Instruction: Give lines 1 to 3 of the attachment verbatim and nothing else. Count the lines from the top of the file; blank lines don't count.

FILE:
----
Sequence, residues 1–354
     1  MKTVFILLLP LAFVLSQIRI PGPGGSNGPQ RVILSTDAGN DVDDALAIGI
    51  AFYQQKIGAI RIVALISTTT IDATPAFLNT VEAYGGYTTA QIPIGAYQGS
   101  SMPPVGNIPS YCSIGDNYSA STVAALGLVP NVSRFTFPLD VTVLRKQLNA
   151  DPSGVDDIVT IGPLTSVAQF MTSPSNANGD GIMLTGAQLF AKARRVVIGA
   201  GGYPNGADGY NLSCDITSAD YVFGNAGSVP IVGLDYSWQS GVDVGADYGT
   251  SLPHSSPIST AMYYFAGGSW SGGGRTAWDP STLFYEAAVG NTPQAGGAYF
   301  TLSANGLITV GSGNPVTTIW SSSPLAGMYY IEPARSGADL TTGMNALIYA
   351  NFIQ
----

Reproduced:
Sequence, residues 1–354
     1  MKTVFILLLP LAFVLSQIRI PGPGGSNGPQ RVILSTDAGN DVDDALAIGI
    51  AFYQQKIGAI RIVALISTTT IDATPAFLNT VEAYGGYTTA QIPIGAYQGS